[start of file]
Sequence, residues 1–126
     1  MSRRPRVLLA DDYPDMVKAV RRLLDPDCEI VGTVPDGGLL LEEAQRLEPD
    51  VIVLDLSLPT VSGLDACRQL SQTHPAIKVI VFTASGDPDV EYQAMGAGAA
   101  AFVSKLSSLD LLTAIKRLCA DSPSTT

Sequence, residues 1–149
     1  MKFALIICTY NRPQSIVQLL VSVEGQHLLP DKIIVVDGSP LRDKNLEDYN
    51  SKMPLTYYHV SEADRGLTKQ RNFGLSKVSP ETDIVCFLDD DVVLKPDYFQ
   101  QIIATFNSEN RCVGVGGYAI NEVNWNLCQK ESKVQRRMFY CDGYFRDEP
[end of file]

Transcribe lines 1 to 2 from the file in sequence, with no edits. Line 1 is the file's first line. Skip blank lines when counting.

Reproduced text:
Sequence, residues 1–126
     1  MSRRPRVLLA DDYPDMVKAV RRLLDPDCEI VGTVPDGGLL LEEAQRLEPD